Editorial: Law will give students better view of how free press works
By loosening the restrictions on high school journalists last week, the state of Illinois just dumped a whole lot of responsibility on their shoulders.
And that's a good thing.
The bill that passed unanimously in the House and Senate and got Gov. Rauner's signature last Friday makes a subtle but significant change in who is responsible for the content of scholastic journalism -- which are high school newspapers, newspaper websites and yearbooks.
Old rules: School administrators could restrict publication of a piece, or a photo. New rules: Administrators still can reject content, but in so doing they have to show it falls into an "unprotected" category, meaning it must be either obscene or libelous, an unwarranted invasion of privacy or likely to provoke disruptive or unlawful behavior.
Students in public high schools now will have a legally protected right to choose what stories and photos will be in their publications, even those produced as part of a class.
This is an important addendum to a teenager's civic education. Civic education teaches students the responsibility to be aware of current events, to be good stewards of their communities and to act on their beliefs, among other things. Good citizens are also savvy consumers of news, and can distinguish fact from opinion and spin.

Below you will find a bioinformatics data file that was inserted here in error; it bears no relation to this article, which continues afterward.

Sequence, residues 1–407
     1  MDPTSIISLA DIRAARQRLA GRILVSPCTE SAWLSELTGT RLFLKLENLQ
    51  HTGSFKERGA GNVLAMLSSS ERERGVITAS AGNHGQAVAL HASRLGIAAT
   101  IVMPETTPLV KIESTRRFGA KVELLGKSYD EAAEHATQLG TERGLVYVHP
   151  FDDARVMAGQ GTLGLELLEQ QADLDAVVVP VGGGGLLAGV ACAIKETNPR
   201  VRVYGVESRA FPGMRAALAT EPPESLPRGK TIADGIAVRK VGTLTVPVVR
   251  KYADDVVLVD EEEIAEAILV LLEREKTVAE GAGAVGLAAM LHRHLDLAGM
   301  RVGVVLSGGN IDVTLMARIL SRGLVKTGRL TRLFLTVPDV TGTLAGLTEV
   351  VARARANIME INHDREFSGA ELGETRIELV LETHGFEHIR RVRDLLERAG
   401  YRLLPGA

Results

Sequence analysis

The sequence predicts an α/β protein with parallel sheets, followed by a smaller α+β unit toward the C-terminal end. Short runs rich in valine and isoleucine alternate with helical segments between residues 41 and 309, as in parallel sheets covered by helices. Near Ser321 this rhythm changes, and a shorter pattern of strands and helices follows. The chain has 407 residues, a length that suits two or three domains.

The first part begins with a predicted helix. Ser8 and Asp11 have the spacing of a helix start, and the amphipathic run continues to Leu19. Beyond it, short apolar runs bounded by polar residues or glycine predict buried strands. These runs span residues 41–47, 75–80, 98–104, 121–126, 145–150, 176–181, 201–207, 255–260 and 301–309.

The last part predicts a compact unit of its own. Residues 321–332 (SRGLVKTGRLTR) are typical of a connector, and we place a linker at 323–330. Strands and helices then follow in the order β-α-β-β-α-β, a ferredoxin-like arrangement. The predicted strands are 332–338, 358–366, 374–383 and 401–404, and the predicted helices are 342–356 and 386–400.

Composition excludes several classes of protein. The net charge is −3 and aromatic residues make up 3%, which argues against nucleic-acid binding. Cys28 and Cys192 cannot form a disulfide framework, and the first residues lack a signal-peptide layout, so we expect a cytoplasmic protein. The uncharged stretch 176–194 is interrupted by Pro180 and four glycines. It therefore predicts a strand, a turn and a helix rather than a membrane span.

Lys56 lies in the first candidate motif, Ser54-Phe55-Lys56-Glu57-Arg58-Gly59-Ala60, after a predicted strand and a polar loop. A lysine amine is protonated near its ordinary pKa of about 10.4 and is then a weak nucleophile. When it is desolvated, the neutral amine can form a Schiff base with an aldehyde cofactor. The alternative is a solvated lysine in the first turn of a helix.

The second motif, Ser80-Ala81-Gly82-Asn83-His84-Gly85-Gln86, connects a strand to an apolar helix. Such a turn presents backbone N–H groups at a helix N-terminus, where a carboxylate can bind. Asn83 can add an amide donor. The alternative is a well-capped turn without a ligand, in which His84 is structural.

Whether they choose a career in journalism or take another path, understanding that good journalism is verifiable, independent and authoritative, ultimately makes teens better and more engaged citizens.
This law is not intended to turn every high school publication into a muckraker, nor is it a knee-jerk reaction to a particular school not being allowed to publish a story. It does, however, raise the bar for students and their advisers.
On this day in 1852, Hosea C. Paddock, Paddock Publications' founder, was born in upstate New York. The journalistic legacy he would create would be the importance of a tempered commitment from a newspaper to free-flowing information and ideas in the interest of furthering democracy and bettering the community. The commercial leg of his famous three-pronged motto to "fear God, tell the truth and make money" may not apply directly to student journalism, but its implication that readers, customers and constituents must be satisfied in order for a publication to thrive certainly is.
Contrary to throwing open the doors to bad taste and irresponsible reporting, Illinois' law adds a new layer of responsibility to the production of high school journalism and will give both young journalists and the student constituencies they serve a greater and more realistic understanding of the role a free press plays in society.